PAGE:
While on stage at the London Film Critics’ Circle Awards, actor Kate Winslet tearfully confessed to "bitter regrets" about working with "men of power" who have been accused of sexual abuse. The actor didn't name names, but she's appeared in Roman Polanski’s 2011 film “Carnage” and Woody Allen’s latest theatrical release, which could also be his last, considering the rumors regarding the cancelled distribution of his next film.
Before contrition overtook Winslet, she played Ginny, a migraine-prone waitress in a post-war Coney Island clam house who pines for her days on the stage. Ginny is now unhappily married to Humpty (Jim Belushi), a loud but soft-hearted slob who when he's not fishing with his buddies off the pier doesn't quite scrape together a living as the ticket-taker for the park's carousel, the Wonder Wheel of the film's title. Neither pays much attention to Richie (Jack Gore), Ginny's red-headed juvenile delinquent son from a previous marriage to a handsome actor.
With the 2013 release of Blue Jasmine, starring Cate Blanchett, some thought Allen had finally exhausted his obsession with tragic Blanche DuBois-like female characters. But this time, instead of a modern interpretation—Anjelica Huston's turn as the inconvenient mistress in “Crimes and Misdemeanors” is a further example—Allen employs cinematographer Vittorio Storaro's claustrophobic framing and colorist Anthony Raffaele's contrast and shadows and highlights to channel the Technicolor melodramatics of mid-century Tennessee Williams adaptations.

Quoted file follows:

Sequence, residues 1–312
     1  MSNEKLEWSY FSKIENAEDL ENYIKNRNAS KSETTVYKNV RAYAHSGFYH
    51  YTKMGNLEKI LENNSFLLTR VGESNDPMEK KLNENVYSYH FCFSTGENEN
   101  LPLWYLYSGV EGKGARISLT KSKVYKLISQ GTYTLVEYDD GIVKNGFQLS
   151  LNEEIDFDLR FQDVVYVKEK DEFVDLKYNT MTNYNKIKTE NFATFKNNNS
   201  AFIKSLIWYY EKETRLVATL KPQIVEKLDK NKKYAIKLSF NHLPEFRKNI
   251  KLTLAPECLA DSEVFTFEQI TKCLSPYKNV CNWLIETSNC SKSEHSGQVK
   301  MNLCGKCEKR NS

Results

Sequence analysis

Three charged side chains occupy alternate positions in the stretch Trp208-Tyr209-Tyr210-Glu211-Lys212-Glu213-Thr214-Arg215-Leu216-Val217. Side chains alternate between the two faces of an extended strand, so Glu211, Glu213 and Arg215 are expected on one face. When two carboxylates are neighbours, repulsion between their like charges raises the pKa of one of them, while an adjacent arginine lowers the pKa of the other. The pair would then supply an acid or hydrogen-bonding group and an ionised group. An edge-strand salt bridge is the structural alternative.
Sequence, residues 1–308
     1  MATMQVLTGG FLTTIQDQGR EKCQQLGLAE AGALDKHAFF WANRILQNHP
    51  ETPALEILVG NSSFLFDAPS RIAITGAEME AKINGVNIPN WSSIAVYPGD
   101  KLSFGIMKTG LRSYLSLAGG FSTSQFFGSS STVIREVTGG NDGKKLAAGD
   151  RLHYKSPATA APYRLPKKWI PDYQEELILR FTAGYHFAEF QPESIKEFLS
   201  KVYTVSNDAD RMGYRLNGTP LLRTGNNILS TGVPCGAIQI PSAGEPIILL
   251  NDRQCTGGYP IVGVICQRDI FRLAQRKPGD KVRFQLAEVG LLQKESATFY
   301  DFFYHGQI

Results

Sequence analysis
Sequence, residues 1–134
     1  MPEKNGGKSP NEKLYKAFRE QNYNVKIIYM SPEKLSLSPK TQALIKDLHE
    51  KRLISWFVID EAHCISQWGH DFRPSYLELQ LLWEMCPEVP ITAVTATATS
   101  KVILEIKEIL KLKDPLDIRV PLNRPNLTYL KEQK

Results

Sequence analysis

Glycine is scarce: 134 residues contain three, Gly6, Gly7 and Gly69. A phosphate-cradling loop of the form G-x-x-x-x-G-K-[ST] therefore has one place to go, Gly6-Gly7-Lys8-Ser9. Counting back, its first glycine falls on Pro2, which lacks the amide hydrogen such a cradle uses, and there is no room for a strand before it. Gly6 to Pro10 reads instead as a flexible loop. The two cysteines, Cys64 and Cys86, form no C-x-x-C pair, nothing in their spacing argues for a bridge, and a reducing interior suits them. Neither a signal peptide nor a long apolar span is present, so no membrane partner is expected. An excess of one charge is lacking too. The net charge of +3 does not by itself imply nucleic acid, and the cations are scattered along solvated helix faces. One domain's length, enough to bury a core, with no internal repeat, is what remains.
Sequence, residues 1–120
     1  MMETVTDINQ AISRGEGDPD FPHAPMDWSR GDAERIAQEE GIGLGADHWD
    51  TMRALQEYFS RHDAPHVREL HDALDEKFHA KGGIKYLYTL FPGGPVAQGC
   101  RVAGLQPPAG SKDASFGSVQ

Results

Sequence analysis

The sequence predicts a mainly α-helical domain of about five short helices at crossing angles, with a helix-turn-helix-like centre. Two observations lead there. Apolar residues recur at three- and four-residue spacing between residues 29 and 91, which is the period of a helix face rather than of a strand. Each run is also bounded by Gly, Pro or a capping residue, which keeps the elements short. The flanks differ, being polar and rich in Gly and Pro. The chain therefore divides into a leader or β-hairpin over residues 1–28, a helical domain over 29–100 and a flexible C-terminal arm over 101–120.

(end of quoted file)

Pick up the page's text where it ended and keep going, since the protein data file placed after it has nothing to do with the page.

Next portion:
Nevertheless, it's to dramatist Eugene O’Neill that lifeguard Mickey (Justin Timberlake), an aspiring playwright, pledges an affinity, interrupting his summer affair with Ginny to introduce her to one of O'Neill's books and lecture her on the concept of self-deception for survival. It's a schoolish lesson redundant for someone so practiced in delusion (Ginny pretended to like fishing with Humpty just so she could start pretending to be a waitress on the boardwalk).
Such is the fundamental deficiency of Allen's storytelling. From the opening scene, he relies on the narration of Mickey, a nebbish interloper, for the moral supervision of the film. For any role more substantial than a two-minute comedy sketch, Timberlake's acting abilities are limited to a stiff impersonation. When Mickey throws Ginny over for the pretty Carolina (Juno Temple), Humpty’s prodigal daughter being tracked by the mob because she "knows where the bodies are buried," it's hard to believe in the sincerity of the feeling or to care about the consequences. Perhaps this failure could signal the need for Allen to take a closer, clearer look at himself.